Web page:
RSS RSS News Feed

Which Retirement Account to Fund First

Posted by Keith on April 22, 2007 at 12:33 pm  

Keith,

I have about $500k in investments in four different types of accounts — 401k, IRA, Roth IRA and non retirement Investments. I am looking to retire in about 7 years and am currently saving about $30k per year. My question is: Should I fund my 401k first or my Roth IRA first, or should I pay down my house mortgage to be debt free at retirement?

Regards and best wishes on you adventure.

Richard Wilharm


RICHARD,

Sorry for the delay responding. I took a few personal days at home before returning to Hawaii for the next leg of our journey. Here’s what you need to consider:

If your employer is matching any portion of your 401(k) contribution, then contribute at least up to the matched amount first. It is found money and just makes sense.

Second, the general rule is that you want to fund your other tax-deferred accounts before you fund your taxable accounts. However, the higher your tax rate in retirement, the closer you get to retirement, the younger you are when you retire, and as long as tax rates on dividends and capital gains remain low, the more this becomes a close question.

You should really “do the math” on this issue with your financial advisor. There are sophisticated software programs, such as Frontier Analytics (something we used for years at DeGreen Wealth Management) that can calculate to what extent you should fund which account. Again, a good financial planner can help you with this.

Regarding your IRAs, much depends on your age at retirement, and whether you will spend the taxable accounts first. If so, whether you should contribute to your regular or Roth IRA next depends on two things: (a) your tax rate now; and (b) what you believe your tax rate will be upon retirement.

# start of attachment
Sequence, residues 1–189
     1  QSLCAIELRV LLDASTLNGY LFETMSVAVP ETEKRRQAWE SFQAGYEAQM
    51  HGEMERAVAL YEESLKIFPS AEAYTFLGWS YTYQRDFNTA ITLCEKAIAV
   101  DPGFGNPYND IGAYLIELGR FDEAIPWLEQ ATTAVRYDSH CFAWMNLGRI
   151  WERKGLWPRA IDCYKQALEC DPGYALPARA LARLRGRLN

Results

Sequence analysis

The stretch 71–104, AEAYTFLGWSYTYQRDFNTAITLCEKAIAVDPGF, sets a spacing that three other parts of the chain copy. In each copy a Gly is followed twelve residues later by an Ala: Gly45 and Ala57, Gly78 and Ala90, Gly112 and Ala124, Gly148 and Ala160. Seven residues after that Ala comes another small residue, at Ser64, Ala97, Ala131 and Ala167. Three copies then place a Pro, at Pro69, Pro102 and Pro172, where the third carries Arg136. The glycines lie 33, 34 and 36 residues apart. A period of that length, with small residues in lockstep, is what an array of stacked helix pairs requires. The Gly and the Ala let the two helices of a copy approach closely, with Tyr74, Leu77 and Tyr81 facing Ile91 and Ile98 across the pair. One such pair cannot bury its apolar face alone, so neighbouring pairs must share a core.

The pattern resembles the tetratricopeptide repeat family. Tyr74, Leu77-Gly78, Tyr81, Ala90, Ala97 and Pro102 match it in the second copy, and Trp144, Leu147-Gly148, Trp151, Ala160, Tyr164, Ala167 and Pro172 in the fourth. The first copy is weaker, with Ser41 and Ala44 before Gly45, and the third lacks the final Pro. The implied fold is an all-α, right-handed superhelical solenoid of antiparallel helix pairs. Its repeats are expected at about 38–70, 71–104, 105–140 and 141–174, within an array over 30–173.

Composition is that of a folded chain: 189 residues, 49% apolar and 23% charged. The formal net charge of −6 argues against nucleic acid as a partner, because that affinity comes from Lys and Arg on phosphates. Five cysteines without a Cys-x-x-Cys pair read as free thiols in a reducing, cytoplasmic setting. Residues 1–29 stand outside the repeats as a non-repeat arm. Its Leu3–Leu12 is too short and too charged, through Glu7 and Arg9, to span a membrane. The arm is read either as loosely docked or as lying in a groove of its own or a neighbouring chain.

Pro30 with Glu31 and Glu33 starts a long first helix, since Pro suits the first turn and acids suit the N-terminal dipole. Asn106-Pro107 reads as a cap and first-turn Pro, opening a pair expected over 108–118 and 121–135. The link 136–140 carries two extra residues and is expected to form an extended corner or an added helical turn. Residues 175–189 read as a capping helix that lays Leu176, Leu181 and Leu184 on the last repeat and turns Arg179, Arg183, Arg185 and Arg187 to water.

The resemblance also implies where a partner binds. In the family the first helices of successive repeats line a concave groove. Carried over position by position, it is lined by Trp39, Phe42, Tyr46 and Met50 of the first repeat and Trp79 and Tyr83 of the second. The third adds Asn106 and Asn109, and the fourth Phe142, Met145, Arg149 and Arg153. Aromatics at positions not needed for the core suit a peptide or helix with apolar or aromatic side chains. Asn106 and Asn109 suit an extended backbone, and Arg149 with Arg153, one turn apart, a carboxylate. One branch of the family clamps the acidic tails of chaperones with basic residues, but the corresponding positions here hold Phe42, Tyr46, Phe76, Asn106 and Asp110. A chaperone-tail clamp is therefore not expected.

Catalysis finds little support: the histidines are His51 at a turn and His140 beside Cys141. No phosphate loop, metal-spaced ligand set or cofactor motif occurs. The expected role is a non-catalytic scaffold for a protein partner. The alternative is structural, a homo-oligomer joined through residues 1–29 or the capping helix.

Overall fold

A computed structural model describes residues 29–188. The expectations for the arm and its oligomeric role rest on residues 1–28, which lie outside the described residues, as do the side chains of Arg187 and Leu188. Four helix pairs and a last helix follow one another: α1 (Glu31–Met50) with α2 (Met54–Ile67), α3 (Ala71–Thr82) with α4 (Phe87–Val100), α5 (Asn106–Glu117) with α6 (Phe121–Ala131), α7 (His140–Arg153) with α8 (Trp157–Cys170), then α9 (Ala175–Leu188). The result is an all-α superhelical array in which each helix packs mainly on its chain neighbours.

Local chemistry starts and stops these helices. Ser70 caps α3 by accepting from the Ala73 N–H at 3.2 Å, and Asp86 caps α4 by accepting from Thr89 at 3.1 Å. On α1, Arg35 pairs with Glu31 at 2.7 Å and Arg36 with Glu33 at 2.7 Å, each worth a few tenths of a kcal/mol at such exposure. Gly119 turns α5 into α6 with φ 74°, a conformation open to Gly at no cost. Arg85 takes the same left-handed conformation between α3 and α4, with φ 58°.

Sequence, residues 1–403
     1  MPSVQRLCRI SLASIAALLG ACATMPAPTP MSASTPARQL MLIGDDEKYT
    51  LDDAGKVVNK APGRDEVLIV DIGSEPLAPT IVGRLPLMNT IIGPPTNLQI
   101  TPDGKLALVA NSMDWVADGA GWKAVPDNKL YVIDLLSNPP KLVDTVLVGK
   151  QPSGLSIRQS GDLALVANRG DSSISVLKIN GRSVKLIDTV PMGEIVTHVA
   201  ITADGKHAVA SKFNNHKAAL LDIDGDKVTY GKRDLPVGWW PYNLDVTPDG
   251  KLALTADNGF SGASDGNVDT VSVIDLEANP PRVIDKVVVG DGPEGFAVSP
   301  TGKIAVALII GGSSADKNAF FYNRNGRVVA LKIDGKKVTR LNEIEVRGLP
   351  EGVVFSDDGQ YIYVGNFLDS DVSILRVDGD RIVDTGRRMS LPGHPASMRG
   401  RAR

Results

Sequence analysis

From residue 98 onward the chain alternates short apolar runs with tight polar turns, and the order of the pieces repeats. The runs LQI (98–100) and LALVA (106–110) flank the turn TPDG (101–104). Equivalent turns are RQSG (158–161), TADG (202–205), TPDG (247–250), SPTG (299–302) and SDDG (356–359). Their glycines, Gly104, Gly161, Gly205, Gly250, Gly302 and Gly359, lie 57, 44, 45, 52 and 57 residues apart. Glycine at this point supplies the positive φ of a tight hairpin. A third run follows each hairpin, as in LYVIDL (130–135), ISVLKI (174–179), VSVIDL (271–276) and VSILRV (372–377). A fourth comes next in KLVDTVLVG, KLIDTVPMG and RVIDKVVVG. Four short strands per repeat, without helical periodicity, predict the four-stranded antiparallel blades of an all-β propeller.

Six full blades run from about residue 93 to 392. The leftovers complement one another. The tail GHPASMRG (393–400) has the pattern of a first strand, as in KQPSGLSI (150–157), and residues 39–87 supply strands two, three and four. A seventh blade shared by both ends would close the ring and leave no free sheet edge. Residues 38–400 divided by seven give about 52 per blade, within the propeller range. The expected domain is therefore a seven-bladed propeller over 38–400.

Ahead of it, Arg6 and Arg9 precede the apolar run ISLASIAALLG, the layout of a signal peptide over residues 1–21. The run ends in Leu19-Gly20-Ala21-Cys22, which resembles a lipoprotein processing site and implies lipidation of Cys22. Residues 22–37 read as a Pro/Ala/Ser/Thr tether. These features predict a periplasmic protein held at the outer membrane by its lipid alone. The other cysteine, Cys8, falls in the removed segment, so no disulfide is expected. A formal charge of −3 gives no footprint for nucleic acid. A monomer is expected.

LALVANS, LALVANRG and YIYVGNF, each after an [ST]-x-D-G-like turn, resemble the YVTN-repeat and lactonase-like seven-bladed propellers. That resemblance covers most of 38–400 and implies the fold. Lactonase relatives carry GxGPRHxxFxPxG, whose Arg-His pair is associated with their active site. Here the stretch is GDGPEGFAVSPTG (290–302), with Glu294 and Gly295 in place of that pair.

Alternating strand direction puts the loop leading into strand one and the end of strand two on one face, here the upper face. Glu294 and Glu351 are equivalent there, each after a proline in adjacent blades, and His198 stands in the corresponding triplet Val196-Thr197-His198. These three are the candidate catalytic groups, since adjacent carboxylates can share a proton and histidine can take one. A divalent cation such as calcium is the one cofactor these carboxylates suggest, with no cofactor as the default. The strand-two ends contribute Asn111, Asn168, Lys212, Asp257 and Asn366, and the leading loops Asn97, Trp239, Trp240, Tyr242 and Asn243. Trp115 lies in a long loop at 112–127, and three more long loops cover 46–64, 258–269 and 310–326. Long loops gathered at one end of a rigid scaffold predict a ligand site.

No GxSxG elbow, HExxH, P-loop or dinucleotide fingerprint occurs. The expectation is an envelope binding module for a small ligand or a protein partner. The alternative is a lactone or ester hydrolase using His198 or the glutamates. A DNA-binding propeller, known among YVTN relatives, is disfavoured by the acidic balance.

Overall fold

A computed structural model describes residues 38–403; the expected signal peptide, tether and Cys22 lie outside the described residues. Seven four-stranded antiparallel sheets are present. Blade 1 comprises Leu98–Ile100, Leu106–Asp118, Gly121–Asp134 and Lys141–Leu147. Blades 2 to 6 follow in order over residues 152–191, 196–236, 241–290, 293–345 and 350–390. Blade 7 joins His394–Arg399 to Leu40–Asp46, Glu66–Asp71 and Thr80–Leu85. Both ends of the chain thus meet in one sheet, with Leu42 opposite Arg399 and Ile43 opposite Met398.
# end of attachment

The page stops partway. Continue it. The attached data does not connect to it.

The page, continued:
If your tax rate now is substantially higher than it will be in retirement, fund the regular IRA first. Otherwise — especially at your age — go with the Roth.

Caveatt: Before you assume that your tax rate in retirement will be substantially lower than it is now, remember that many people under-estimate their retirement tax liability. So unless you plan on living in a monastary and eating roots, be careful with your estimate.

Regarding whether you should pay off your mortgage, please see my April 12 response to Debra in this column on that very issue. The formula I share there, and the other considerations I discuss in my response, apply to you and to all home owners approaching retirement.

Finally let me emphasize that the best strategy regarding your various accounts is to fill everything you can to the max! Now is the time (Well, actually, 30 years ago would have been better — the money would have had more time to grow — but, hey, 30 years who thought of retirement?) to get very serious about accumulating that retirement savings in all your accounts.

Hope this helps, William. Thanks for your question, and thanks for following The Global Adventure!

–Keith


Comments

Name (required)

Email (required)

Website

Comments